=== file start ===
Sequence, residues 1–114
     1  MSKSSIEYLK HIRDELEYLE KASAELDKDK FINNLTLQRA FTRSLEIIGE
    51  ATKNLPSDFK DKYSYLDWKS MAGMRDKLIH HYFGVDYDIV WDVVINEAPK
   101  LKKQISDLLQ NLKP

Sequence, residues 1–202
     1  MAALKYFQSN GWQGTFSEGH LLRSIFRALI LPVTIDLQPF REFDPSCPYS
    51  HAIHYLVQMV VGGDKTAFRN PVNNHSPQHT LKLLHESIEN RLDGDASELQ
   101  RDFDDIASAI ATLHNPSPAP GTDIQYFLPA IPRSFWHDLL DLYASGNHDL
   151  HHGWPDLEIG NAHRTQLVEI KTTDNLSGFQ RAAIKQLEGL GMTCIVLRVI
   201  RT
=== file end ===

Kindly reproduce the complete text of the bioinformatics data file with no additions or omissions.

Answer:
Sequence, residues 1–114
     1  MSKSSIEYLK HIRDELEYLE KASAELDKDK FINNLTLQRA FTRSLEIIGE
    51  ATKNLPSDFK DKYSYLDWKS MAGMRDKLIH HYFGVDYDIV WDVVINEAPK
   101  LKKQISDLLQ NLKP

Sequence, residues 1–202
     1  MAALKYFQSN GWQGTFSEGH LLRSIFRALI LPVTIDLQPF REFDPSCPYS
    51  HAIHYLVQMV VGGDKTAFRN PVNNHSPQHT LKLLHESIEN RLDGDASELQ
   101  RDFDDIASAI ATLHNPSPAP GTDIQYFLPA IPRSFWHDLL DLYASGNHDL
   151  HHGWPDLEIG NAHRTQLVEI KTTDNLSGFQ RAAIKQLEGL GMTCIVLRVI
   201  RT